His next opera, an adaptation of Shakespeare's A Midsummer Night's Dream, is an entirely a cappella work, with the musical accompaniment, including the percussion, sung by a "voicestra" of 15 to 20 voices.[2][73] The inspiration for the work came when he was invited to become the vocal coach for DeltaCappella, a contemporary a cappella group founded in Memphis in 2007.[74] Ching retrospectively noted, "Their devotion to detail and their joy of singing was palpable and infectious. There was something jaw-droppingly giddy about the whole enterprise. With no reeds, no mouthpieces, no strings, no sticks, the variety of sounds they were capable of making was virtually unlimited. By the end of my first rehearsal with them I was hooked and eager to apply this new sonic palette to opera."[75] After conducting Marcus Hummon's Shakespeare-filled Surrender Road, he reflected that "with its potential for three sonic worlds inhabited by the Athenians, the fairies, the rude mechanicals, A Midsummer Night’s Dream seemed a perfect vehicle for exploring a colorful prism of a cappella styles."[75] Ching has noted that his eclectic compositional style was influenced by what Gershwin was trying to accomplish in Porgy and Bess: "He was writing something that surfs between pop and opera. Many people love Porgy, but nobody ever tries to write an opera like it. I wanted to write accessible and tuneful music, yet very modern."[76] The opera debuted in 2011 at Playhouse on the Square, in collaboration with Opera Memphis, with roles sung by musical-theater singers and professional opera singers.[2][77][78] It was also performed at OperaHub in Boston in 2012.[79][80]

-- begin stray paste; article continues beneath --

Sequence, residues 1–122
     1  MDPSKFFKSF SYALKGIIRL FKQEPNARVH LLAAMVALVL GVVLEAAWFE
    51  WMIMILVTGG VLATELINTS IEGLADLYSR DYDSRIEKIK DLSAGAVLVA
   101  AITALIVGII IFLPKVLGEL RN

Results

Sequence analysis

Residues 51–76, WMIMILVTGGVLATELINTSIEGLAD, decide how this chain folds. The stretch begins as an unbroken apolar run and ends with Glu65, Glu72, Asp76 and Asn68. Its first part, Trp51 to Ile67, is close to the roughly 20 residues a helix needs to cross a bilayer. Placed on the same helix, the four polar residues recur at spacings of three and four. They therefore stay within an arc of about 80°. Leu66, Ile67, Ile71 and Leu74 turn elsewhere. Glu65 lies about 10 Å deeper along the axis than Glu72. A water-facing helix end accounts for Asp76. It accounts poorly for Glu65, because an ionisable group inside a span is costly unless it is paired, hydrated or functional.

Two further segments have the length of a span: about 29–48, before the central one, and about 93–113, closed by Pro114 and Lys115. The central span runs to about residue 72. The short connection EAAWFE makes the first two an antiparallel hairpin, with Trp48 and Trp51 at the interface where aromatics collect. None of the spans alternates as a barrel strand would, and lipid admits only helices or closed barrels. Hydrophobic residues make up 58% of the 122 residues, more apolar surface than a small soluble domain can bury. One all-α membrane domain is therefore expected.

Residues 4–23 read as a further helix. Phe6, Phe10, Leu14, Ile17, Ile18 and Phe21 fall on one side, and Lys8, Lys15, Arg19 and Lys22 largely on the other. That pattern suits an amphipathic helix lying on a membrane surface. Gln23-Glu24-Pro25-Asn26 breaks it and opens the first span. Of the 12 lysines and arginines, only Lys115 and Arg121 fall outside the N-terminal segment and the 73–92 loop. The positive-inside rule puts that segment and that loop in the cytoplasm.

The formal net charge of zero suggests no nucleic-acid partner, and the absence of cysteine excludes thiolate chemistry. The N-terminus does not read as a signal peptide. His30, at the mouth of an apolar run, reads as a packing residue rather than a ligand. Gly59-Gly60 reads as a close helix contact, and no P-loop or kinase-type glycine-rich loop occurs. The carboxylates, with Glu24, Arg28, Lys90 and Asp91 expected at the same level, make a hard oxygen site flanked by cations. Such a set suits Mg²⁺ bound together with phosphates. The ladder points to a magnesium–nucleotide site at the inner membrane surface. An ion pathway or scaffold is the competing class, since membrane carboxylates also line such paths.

The Wall Street Journal praised A Midsummer Night's Dream, stating that "Ching's remarkably inventive opera is a celebration of what voices can do and still, with the exception of a few startling vocal percussion effects, sound like voices." The review noted Ching's "seamless changes in tone, ... fine sense of pacing and skill with ensemble writing" and "tonal and tuneful vocal lines ... written for maximum intelligibility". The reviewer found the voicestra's part remarkable in that it "supports the singers on the stage, its overlapping lines and syllables weaving around them, amplifying their characters and conflicts, sometimes echoing their words (or even their thoughts), or supplying atmosphere. The voicestra gives the opera an added human dimension ...."[2]